"Don't you wonder: why is it necessary to declare me dead again and again?" This is the question posed by Karl Marx in Howard Zinn's witty and insightful "play on history." The premise of this one-man performance is that history's most famous, and oft-misrepresented, radical is resurrected after agitating with the authorities of the afterlife to clear his name. Through a bureaucratic error, however, Marx lands in modern-day Soho, New York, rather than his old stomping ground in London, to make his case.
Here Howard Zinn, nationally known for his best-selling book "A People's History of the United States," introduces us to the Karl Marx we never learned about in school--a most human of revolutionaries, driven by a deep passion for social justice. Along the way we meet Marx's wife Jenny, his children, the anarchist Mikhail Bakunin, and a host of other characters.
Zinn's "Marx in Soho" rescues Marx's ideas and fighting spirit for a new generation and shows how, far from casting him to the grave, our troubled times need Marx more than ever.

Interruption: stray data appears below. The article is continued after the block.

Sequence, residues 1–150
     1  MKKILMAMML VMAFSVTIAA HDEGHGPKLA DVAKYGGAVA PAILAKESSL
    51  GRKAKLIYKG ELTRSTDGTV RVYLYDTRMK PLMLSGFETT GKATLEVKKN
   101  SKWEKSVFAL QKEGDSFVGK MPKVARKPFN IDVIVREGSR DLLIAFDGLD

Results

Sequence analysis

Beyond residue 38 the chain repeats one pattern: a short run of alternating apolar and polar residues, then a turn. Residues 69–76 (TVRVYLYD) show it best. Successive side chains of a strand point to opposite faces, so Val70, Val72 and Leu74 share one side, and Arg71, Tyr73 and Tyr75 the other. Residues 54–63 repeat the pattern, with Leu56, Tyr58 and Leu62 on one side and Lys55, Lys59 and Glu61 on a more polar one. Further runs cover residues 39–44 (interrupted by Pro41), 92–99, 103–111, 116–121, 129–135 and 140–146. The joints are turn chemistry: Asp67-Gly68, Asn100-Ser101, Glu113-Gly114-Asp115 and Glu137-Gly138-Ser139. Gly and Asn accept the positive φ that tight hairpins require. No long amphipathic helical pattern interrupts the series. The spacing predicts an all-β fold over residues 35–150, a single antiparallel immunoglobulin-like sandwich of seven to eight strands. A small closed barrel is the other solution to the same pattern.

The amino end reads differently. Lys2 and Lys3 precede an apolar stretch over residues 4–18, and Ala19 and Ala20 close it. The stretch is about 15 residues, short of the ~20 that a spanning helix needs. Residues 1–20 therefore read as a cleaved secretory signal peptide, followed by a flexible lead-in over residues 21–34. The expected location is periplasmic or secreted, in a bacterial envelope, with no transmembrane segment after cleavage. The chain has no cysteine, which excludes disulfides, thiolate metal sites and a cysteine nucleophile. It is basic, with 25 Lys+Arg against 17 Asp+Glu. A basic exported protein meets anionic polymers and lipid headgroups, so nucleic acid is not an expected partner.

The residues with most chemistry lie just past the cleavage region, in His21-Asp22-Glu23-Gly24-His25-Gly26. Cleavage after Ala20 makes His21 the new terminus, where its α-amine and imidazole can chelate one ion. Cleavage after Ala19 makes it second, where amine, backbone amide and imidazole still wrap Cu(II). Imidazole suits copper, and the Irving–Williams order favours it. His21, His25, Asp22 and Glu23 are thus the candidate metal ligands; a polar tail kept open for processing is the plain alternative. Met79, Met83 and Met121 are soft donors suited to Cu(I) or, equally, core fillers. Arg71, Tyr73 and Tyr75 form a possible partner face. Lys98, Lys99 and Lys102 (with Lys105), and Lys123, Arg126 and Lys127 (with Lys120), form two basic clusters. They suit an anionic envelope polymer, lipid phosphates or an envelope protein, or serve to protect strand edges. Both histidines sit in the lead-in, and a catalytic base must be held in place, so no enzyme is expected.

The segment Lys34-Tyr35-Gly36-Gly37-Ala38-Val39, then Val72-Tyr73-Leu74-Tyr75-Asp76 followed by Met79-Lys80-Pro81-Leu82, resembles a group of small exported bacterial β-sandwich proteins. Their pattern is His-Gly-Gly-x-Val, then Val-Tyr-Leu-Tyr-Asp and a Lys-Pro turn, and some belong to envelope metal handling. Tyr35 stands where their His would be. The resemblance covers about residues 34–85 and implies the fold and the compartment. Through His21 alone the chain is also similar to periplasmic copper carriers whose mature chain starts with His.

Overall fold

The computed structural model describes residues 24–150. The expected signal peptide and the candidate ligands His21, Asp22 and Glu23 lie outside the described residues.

Howard Zinn is the one of the nation's leading historians and champions of social justice. In addition to "A People's History of the United States," his many books include "You Can't Be Neutral On a Moving Train," which is also the title of a 2004 documentary on Zinn's life, starring Matt Damon, Alice Walker, and others.
Brian Jones is an African American teacher and activist based in New York City. He has performed "Marx in Soho" for audiences nationwide since 1999.